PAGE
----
We disagree with ISS’s criticism of the retention impact of the March 2012 long-term incentive vesting acceleration.

The Compensation Committee exercised its discretion to accelerate the vesting of substantially all of the outstanding and unvested restricted stock and ALTI effective March 30, 2012. It is important to remember that the Board, after careful deliberation, determined that the acceleration was in the best interests of Kforce and its shareholders. A failure to accelerate would have resulted in a substantial tax liability to Kforce in 2012, adversely impacting earnings. The Committee also put in place a six-month required holding period for the accelerated shares, recognizing the reduction in the retention incentive (although, as discussed elsewhere, we believe this reduction was slight) inherent in the unvested shares prior to the acceleration.

The ISS report criticizes the vesting acceleration in part because “it circumvents the retention incentive, or other purposes for which the restrictions were initially put in place.” The facts do not support this criticism as Kforce’s CEO, President and CFO hold significant amounts of Kforce shares without regard to the accelerated shares.

As a result of the acceleration each of the NEOs now holds an additional significant financial stake in Kforce, which will enhance the alignment of the interests of Kforce’s shareholders and NEOs. The weighted average remaining vesting period for the accelerated shares was 2.3 years. After consideration of the new six-month holding period, the time period affected by the loss of retention incentive is 1.8 years. The ISS report criticizes the retention value of the six-month holding period due to its brevity, while also dismissing the significance of Kforce’s enhanced stock ownership guidelines because they “have already been more than met by most NEOs….” We fundamentally believe a higher ownership level by the NEOs results in better alignment with shareholders in virtually all circumstances, including those currently in place at Kforce.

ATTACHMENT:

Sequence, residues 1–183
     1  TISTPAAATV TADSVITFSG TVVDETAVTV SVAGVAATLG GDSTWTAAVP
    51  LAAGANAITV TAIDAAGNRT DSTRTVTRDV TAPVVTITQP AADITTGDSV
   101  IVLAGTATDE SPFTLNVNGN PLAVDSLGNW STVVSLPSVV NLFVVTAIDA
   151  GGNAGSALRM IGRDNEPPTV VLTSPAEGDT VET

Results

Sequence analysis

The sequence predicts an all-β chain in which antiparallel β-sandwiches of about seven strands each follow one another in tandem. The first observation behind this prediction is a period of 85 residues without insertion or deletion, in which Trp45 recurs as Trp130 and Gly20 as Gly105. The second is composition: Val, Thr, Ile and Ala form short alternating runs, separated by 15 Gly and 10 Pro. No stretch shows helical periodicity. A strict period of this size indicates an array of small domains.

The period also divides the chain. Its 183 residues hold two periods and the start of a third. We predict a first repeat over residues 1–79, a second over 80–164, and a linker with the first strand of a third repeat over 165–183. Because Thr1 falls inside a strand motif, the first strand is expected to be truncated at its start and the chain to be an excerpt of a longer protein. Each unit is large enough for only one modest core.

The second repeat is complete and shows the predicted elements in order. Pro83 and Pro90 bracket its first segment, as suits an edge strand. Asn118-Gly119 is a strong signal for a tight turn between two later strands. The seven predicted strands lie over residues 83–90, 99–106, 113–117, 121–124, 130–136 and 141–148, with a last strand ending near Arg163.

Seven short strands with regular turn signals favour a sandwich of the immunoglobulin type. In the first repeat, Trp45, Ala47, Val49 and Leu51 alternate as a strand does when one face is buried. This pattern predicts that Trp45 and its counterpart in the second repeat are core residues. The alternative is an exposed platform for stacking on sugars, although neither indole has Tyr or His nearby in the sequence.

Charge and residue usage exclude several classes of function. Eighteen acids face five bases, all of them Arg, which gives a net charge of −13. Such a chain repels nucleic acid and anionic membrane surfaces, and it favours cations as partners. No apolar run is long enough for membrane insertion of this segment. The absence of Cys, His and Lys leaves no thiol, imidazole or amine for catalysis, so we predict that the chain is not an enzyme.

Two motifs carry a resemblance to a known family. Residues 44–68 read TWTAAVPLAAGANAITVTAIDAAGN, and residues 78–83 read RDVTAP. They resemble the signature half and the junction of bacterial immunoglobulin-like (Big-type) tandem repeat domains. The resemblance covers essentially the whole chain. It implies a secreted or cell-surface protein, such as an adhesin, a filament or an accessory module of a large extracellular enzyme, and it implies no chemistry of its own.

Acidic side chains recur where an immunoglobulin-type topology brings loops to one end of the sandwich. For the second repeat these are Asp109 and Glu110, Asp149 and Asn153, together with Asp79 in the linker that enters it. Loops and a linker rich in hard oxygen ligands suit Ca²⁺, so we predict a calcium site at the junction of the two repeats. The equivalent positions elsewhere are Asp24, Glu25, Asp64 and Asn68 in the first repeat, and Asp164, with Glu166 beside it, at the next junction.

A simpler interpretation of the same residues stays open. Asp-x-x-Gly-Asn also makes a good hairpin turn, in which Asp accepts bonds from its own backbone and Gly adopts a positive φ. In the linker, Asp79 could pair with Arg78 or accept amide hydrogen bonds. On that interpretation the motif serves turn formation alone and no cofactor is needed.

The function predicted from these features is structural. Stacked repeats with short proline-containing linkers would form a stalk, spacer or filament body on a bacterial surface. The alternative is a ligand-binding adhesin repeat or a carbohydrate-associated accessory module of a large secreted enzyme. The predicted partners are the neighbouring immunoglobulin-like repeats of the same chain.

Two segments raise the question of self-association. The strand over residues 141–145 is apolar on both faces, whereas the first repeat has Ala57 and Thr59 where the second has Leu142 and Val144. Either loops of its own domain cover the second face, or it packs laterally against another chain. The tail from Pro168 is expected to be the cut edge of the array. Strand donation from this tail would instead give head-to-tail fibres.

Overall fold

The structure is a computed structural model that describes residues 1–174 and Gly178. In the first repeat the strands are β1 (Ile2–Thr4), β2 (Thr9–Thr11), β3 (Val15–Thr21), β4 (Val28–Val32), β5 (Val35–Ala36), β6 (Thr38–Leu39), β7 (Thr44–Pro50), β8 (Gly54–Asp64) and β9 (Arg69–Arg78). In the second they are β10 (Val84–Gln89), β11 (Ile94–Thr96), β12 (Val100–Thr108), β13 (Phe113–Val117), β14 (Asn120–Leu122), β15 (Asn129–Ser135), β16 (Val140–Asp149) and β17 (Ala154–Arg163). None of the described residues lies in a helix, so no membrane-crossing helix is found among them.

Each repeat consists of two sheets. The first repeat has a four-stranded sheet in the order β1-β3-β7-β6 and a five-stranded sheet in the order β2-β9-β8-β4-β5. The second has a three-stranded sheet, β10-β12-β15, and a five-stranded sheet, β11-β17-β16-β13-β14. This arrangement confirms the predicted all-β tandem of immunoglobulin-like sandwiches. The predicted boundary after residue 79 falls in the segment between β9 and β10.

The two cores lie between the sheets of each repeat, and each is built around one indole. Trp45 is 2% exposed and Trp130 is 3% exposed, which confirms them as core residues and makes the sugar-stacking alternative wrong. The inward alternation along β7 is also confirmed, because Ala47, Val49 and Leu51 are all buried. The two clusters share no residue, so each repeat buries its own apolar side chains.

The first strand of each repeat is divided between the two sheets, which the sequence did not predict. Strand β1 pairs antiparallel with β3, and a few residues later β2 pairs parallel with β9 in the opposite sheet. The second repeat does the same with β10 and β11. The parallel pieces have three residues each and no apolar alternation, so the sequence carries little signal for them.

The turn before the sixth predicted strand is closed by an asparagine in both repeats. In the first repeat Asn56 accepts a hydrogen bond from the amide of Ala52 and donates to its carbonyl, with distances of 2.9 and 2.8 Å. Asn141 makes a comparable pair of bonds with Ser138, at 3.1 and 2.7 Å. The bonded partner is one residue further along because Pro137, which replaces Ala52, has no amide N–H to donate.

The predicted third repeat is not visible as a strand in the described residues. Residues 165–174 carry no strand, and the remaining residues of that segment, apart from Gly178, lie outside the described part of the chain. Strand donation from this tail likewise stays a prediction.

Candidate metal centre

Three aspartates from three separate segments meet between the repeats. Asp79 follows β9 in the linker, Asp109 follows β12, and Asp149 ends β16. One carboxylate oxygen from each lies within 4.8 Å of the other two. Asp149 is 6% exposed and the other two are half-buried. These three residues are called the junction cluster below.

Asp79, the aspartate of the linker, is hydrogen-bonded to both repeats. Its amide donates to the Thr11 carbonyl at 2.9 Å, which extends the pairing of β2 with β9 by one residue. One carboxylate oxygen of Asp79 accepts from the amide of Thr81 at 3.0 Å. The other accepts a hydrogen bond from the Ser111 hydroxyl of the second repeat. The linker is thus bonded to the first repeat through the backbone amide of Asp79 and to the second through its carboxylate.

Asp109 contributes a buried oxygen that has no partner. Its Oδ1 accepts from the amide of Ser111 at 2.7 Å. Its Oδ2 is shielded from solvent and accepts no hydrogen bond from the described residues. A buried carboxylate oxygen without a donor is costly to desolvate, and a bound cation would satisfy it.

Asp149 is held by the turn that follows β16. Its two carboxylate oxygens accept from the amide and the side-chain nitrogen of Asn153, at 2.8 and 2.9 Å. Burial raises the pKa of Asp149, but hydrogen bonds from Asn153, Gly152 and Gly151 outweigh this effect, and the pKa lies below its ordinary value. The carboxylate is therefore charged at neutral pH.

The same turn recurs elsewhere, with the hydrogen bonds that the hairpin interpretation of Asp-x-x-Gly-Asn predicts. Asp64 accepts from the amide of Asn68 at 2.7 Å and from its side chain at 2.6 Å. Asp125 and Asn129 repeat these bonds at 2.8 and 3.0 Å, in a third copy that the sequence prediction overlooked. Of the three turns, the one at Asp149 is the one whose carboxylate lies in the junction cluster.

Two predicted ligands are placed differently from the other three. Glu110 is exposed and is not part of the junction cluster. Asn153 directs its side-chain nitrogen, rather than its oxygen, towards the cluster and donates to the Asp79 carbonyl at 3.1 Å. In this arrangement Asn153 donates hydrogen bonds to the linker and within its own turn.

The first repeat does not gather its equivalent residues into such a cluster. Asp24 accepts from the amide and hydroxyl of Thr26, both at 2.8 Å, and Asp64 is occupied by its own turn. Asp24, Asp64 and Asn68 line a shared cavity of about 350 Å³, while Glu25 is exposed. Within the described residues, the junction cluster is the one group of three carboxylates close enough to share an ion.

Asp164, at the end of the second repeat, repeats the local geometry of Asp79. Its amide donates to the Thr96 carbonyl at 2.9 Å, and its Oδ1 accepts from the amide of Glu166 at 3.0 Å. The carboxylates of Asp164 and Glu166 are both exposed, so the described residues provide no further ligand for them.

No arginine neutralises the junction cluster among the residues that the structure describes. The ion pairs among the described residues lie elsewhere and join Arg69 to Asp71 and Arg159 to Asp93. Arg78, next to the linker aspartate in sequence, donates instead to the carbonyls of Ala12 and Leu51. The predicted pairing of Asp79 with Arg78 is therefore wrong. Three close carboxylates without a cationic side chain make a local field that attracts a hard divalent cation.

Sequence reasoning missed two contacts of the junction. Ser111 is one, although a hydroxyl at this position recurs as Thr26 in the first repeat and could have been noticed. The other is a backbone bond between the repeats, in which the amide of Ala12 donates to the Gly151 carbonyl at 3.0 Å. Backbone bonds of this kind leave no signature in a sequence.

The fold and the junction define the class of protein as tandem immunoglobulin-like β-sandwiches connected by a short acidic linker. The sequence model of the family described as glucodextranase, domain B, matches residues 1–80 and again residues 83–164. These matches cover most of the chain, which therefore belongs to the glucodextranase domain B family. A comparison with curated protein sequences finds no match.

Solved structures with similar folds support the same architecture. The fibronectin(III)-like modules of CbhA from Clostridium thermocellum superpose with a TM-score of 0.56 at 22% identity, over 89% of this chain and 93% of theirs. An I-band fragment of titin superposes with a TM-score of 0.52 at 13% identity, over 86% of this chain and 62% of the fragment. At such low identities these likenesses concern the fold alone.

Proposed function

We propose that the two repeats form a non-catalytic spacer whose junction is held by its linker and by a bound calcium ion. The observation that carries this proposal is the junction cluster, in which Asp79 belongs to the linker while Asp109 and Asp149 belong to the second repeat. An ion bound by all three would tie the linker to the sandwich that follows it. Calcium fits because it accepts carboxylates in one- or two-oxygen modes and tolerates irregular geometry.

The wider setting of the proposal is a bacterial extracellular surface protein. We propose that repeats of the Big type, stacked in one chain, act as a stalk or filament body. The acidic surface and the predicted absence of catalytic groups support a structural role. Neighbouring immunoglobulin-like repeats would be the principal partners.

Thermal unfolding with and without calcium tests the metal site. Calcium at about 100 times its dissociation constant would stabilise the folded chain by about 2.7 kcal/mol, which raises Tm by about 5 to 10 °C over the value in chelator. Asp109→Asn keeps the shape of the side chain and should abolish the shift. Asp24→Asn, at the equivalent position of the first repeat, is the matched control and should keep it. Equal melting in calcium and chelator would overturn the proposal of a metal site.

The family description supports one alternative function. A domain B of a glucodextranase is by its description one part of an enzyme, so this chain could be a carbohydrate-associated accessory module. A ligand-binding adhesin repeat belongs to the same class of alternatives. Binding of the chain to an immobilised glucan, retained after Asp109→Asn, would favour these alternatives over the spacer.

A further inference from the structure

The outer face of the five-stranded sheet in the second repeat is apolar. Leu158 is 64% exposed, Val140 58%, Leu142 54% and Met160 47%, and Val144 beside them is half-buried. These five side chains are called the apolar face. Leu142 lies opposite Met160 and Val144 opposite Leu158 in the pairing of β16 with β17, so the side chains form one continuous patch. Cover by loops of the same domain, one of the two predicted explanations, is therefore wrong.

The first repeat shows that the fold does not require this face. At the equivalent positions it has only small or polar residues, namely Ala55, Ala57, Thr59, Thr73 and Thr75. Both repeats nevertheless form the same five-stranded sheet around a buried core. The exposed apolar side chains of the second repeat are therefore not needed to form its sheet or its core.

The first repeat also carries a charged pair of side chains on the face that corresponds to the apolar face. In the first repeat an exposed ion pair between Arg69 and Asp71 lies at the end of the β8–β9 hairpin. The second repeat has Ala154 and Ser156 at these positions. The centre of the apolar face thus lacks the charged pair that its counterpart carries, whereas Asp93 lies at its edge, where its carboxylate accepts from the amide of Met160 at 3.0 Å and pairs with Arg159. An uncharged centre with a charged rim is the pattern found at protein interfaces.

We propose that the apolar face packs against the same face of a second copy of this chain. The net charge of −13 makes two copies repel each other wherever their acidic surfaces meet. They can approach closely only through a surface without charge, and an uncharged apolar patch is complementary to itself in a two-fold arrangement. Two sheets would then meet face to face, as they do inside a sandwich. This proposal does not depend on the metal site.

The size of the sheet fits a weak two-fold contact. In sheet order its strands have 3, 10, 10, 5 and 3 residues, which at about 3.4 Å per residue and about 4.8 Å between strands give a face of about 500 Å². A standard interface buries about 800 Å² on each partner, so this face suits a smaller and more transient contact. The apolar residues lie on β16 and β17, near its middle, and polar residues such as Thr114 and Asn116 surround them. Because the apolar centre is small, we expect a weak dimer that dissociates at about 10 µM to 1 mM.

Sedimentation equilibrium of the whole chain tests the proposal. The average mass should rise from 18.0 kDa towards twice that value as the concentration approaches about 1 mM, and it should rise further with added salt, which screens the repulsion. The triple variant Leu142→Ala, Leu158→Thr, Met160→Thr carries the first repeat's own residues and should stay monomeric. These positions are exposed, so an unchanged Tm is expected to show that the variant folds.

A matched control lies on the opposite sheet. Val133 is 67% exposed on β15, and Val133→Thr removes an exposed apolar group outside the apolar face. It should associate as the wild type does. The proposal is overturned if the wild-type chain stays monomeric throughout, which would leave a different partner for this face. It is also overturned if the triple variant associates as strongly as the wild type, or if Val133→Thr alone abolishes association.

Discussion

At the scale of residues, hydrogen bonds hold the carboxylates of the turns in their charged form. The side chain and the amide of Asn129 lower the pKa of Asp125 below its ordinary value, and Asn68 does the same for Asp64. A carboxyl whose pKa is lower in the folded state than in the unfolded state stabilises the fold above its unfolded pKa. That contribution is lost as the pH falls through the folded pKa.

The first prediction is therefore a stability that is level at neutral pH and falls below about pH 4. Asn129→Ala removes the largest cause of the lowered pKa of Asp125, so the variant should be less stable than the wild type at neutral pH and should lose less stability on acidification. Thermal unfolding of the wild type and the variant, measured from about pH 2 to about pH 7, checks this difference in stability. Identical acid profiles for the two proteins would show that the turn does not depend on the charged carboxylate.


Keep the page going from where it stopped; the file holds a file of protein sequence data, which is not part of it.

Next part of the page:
We disagree with ISS’s calculation of the relative value of the ALTI vesting acceleration.

The ISS report states the acceleration of the ALTI vesting constitutes more than 80% of the total value of the CEO’s and other NEO’s accelerated awards. We disagree with this statement for the following reasons:


  o Using the weighted average grant date fair market value of the PARS and ALTI awards affected by the vesting acceleration, the accelerated ALTI awards represent 23% of the total value of the CEO’s other accelerated awards and 22% for the other NEOs.


  o Using the stock price on the effective date of the vesting acceleration, the accelerated ALTI awards represent 22% of the total value of the CEO’s other accelerated awards and 21% for the other NEOs.

We believe this actual outcome is significantly different than ISS’ calculation and presents a much different picture of the relative impact of the acceleration on the PARS and ALTI figures.



We disagree with the peer group selected by ISS.

The pay-for-performance analysis in the ISS report is based on a comparison to a peer group selected by ISS based on Global Industry Classification Standard (“GICS”) code and revenue.

By comparison, the Compensation Committee annually reviews compensation paid under a three-year NEO compensation plan to assess compliance with the plan and to analyze our executive compensation (base salary, annual, and long-term incentive compensation) relative to the competitive market for similar executive officers within an industry peer group selected by Kforce. The Kforce industry peer group selection is based on: (i) peer company customers; (ii) revenue footprint; (iii) geographical presence; (iv) talent; (v) capital; (vi) size; (vii) complexity of operating model; and (viii) annual revenues.

We believe the Kforce selection criteria yields a robust industry peer group more tightly focused on Kforce’s direct business competitors and those companies generally viewed by investors as similar to Kforce. The tightly focused peer group in turn supports the relative shareholder return criteria that forms the core of our long-term equity-based incentive plan. We believe this interlocked system serves shareholders much better than a GICS code/revenue-based peer group that may not be reflective of competitors and how investors view the staffing industry and decide to make long-term investments in the industry.

During May 2012, additional information, which is included in Exhibit A, was provided to ISS prior to the release of their recommendations. The information provided explains Kforce’s positions in greater detail and discusses how the data in the Summary Compensation Table within the 2012 Proxy Statement does not present a complete picture of the NEOs’ actual compensation. We believe the Earned Compensation For Corresponding Year of Performance Table (included in the attached Exhibit A), which was included in the 2012 Proxy Statement and provided to ISS, more accurately reflects the NEOs’ actual compensation than the Summary Compensation Table, which was ultimately used by ISS.